Magnificent: an adjective seldom used in this review column and
dreamily appropriate for a new graphic novel from Europe, Brusel.
Its plot is magnificently intriguing. Goaded by a visionary
scientist, the government of Brusel redesigns its twisting, nightmarish
streets and antiquated buildings into a completely functional, modern
city. During the 19th century setting of Brusel, modern means 'an homage
to cityscapes from the covers of 1930s science-fiction magazines'.
A 'modern' florist selling a new product that never fades--plastic
flowers--is enmeshed with these bureaucrats who attempt to scientific-ally
control life, and with a beautiful woman who entangles him in her skirts
and an underground movement that wants to destroy the reconstruction.
Its art is a magnificent reverie. The cityscapes of artist Francois
Schuiten are heavily influenced by the Winsor McCay comic strip
masterpiece, Little Nemo in Slumberland, and SF magazine covers now seven
decades re-moved. Like McCay, Schuiten is a trained architect. Like those
old SF covers, Schuiten's cities capture a sense of grandeur, awe, and
Every other aspect of Schuiten's visual storytelling is equality as
entertaining and technically superb. This is a rare artistic jewel in
which many panels deserve long and delightful study as Brusel is read over
and over again.
This charming muddle of different eras, dream, and reality is a
satire that ridicules bloated bureaucracy, over-blown urbanization, pseudo-science,
and Kafkaesque disenfranchisement from society. More importantly, it is
proof that there are comic books that adults will not only enjoy, but also
So, if you love it so much, Mr. Fancy-Pants reviewer, why don't you
Oh, if only. But this graphic novel is out of my league.
Two restrained sexual situations will off-put some readers, but Brusel is one of the best graphic novels of 2001, and remains very highly recommended for adults.
Review by Michael Vance
Brusel/120 pgs., $19.95/story by Benoit Peeters/sold in book and
comics shops, or at www.nbmpublishing.com.
Meet Miyamoto Usagi. Usagi
is a ronin, or "masterless samurai," who lives in turn of the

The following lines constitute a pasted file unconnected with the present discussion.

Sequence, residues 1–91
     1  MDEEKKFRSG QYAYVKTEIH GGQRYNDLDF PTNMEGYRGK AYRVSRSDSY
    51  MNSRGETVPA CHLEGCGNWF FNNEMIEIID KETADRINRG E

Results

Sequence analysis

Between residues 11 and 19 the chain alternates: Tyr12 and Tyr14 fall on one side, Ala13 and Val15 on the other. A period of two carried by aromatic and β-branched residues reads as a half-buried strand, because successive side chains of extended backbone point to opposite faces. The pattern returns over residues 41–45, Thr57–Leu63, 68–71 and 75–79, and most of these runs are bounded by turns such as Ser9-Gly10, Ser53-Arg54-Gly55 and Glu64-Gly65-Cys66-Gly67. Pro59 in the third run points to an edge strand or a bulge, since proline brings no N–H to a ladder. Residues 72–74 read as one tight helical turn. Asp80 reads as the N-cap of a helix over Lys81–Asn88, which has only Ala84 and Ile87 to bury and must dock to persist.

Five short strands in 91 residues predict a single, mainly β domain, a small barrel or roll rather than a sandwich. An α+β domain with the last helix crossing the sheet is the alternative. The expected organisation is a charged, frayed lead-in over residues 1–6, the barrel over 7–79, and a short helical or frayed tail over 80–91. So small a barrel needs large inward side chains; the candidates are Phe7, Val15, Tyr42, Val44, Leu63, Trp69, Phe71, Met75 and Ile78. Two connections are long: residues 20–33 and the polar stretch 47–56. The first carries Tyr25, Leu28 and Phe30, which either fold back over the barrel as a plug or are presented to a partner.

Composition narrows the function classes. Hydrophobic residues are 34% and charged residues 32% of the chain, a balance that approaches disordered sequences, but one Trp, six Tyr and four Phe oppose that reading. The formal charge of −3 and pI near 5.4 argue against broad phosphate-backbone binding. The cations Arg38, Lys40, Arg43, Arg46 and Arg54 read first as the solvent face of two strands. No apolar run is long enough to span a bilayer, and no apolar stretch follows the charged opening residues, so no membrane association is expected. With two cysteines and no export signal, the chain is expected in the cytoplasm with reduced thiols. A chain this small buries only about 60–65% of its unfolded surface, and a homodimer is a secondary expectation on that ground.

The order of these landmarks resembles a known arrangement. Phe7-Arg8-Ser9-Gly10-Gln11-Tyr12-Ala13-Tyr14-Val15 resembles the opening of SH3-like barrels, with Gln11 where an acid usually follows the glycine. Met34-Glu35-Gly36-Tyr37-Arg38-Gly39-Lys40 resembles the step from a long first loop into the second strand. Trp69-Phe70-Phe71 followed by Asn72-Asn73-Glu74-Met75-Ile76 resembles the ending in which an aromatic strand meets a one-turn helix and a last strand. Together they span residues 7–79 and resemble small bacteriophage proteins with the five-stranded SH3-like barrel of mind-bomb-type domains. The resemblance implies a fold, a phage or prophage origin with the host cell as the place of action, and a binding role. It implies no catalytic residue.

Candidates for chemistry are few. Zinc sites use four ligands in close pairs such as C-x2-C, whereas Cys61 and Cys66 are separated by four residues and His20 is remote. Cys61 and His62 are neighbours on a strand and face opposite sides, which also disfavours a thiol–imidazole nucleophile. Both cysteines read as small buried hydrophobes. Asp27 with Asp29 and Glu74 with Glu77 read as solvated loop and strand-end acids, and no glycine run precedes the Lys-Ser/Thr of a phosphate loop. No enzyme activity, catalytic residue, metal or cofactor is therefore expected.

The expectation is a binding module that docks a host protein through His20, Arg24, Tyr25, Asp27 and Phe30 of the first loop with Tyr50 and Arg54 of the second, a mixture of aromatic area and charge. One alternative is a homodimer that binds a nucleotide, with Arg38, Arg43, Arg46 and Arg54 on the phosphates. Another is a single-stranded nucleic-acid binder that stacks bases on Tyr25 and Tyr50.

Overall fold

17th century Japan. On the tail of civil war, the samurai has become the
ruling class throughout the land, living by the honor-code known as
"bushido." Oh, did I also mention that Usagi is a..., well, a rabbit..?
Yes, a rabbit.
Now, before you totally disengage, let me say that this is NOT
another "funny animal" book.
Far from it. In fact, if there is any comic work that deserves
notice by the community outside of the largely-disinclusive comic-reading
public, it's Stan Sakai's Usagi Yojimbo.
Because it contains all of the elements that make, not just a great
comic book story, but a great story, period.
Interesting characters set against intriguing backgrounds and
locations, intelligent storytelling, action, suspense, humor,
romance,...if one looks long enough at the volumes of this work that have
been collected, all of the above can be found.
Sakai has mastered the art of telling a fine story, especially
where depth of character is concerned.
After several years of publication, Usagi has a rich supply of
recurring characters, all of them captivating in their own right.
But, from what I can tell, Usagi was every bit as enthralling at
the beginning as it is now. Nothing
like witnessing a fine creator put his world together.
The artwork, also handled by Sakai, is very clear and distinctive.
It is rendered in a very light-hearted, cartoony style that, by
some miracle of the pen, does not rob the book of one iota of its dramatic
charm. When appropriate, it
can serve comedic purpose, then set a dark, almost brooding tone on the
How he does it isn't important; that it works is.
Several volumes of this work are now available, and come highly
recommended for all ages.
Usagi Yojimbo volumes can be found or ordered wherever comic books
Usagi Yojimbo, published by Fantagraphics, and Dark Horse Comics,
144 pages, $14.95.
Review by Mark Allen
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